Don’t be afraid to do your first triathlon. We have some general first triathlon tips in a previous post. After you’ve successfully swam the distance (you find some swim start tips here) you come to transition one. Transitions are a key part of a triathlon and have different setups in how they exactly work. The basics all come down to the same thing though, it’s your transition from swimmer to cyclist or cyclist to runner. Some triathlons work with a box system. You have a box where everything you have you have to put in the box. Other triathlons have transition bags where you put your stuff for each leg in a separate bag. You can get this information up front from organisation, but make sure you attend the briefing for some race specific rules. For big events you can setup your transition area a day before the race, but you will always have access the morning of the race. Take the opportunity to do a last check on your bike, add your bottles and sunglasses.
Where are you?
A key part of both transition is knowing where to go in the transition area. Walk through the area a couple of times rehearsing what you need to do, and mostly: Where is your bike?!? A small event might be easy, but if you have 20 rows for racking, they will all look the same during the race. Find out what key visual references you can find, look for trash cans, man hole covers, flags, posters, anything that is NOT a bike. As that flashy bright yellow bike at the start of your row might just belong to a very fast swimmer and will thus be gone by the time you get there.
If the race is a bag system, also make sure you know where to find your bag and where to drop it off. All the bags will be identical except for your race number, so make sure you know where it is.
Swim to Bike Transition
Once out of the water you can strip down your wetsuit to waist level, this will save you some time and you’ll feel a lot more comfortable running like that. Once you get your bike-bag or come to your spot, strip out of your wetsuit. If you wear socks while cycling, this is the time to put them on. Now, putting socks on wet feet can be a bit hard, so a small towel can certainly speed up the process or at least make it easier. Don’t forget to put on your race belt (see our first timer tips). And for your cycling shoes, you have two options:
- Shoes are clipped in on the bike
- Put on your shoes and run to your bike.
The advantages of shoes-on-bike are that you can run faster through transition and put on your shoes while cycling (which will save you quite some time). This method is quite a bit more difficult so we strongly advise to practise, practise and practise. An easier method is run-in-bike-shoes. This method you put on your shoes and then run through transition. It’s a bit more uncomfortable and trickier to run on your bike shoes, but your bike mount is a lot easier. For both methods: Put on your helmet before you even touch your bike. This is a simple rule yet many people stuff it up. If you do not have your helmet on and closed when taking out your bike you will receive a time penalty.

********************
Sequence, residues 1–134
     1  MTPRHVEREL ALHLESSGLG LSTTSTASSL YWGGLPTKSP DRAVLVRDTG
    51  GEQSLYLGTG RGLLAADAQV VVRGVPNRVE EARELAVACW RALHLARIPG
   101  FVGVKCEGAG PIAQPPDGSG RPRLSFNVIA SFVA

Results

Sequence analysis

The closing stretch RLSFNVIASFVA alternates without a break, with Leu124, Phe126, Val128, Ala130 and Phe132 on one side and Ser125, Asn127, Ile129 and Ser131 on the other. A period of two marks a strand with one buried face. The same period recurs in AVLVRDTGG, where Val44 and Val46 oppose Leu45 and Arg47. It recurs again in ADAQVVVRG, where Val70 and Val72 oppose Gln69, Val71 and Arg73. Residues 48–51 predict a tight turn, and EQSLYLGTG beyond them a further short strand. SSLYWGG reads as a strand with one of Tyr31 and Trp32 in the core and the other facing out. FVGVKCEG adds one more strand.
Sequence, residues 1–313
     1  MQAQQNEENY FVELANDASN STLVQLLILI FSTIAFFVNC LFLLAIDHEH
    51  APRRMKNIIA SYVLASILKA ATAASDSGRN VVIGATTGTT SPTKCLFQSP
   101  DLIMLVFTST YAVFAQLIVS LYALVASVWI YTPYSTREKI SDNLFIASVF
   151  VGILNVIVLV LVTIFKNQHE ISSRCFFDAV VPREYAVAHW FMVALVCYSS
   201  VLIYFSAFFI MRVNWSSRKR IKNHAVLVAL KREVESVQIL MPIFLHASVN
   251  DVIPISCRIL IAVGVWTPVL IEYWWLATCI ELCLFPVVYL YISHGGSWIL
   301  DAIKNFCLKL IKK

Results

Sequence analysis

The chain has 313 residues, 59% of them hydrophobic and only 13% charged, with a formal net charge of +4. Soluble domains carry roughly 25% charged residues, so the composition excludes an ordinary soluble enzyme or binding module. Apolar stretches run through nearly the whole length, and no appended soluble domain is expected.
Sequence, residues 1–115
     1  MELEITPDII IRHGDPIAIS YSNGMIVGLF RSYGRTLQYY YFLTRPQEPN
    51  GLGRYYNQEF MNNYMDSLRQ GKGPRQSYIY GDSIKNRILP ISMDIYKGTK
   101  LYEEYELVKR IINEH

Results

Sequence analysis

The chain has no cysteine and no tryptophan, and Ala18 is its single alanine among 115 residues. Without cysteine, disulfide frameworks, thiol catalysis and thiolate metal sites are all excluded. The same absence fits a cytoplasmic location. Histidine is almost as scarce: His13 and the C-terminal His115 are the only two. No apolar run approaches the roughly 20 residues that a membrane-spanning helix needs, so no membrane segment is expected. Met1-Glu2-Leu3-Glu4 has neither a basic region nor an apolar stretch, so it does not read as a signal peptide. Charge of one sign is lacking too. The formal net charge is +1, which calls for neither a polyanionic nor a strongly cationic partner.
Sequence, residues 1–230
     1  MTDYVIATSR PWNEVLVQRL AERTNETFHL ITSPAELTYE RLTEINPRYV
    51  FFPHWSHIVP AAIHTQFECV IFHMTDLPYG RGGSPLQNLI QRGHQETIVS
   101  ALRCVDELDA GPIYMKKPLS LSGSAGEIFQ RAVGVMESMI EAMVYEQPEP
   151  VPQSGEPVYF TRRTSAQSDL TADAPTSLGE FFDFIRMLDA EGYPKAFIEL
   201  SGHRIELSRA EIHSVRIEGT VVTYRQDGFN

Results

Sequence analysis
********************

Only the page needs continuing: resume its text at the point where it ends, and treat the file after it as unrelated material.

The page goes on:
As you come near the end of transition you’ll see an obvious line on the ground, usually just after timing mats, this is the mount line, you can get on your bike after you’ve passed this line.
Recommended items for the bag system: Your cycling shoes, your race belt, a small towel, socks, sunglasses, a small water bottle to rinse your mouth,
Tip: If it’s a box system, make sure your runners are not covered by your wetsuit, you don’t want to run in soaking wet shoes if you can avoid it!
Bike to Run Transition
Approaching the transition area make sure you dismount before before the dismount line (often the same line as your mount line). If you don’t, again, you will get a time penalty. And, again, there are two options for your shoes. Some triathletes have practised the art of leaving the shoes on their bikes, allowing for faster running. However this takes practise, do not try this the first time during a race! If you can’t do this, no worries, the majority of triathletes dismount as any cyclist: by unclipping and then running with their bike shoes on. This is a bit slower and a tad more uncomfortable but if you went for comfort you wouldn’t do this sport. Be careful not to slip and run to your spot and rack your bike. Only after you’ve done all this think about touching your helmet and taking it off.
Quickly slip in to your running shoes and put on your visor if you like it. As you run out, put your bib number to the front.
Recommended items for the bag system: Your running shoes, a visor, maybe socks if you bike barefoot.
Have any tips of your own? Make sure you drop them in the comments below!
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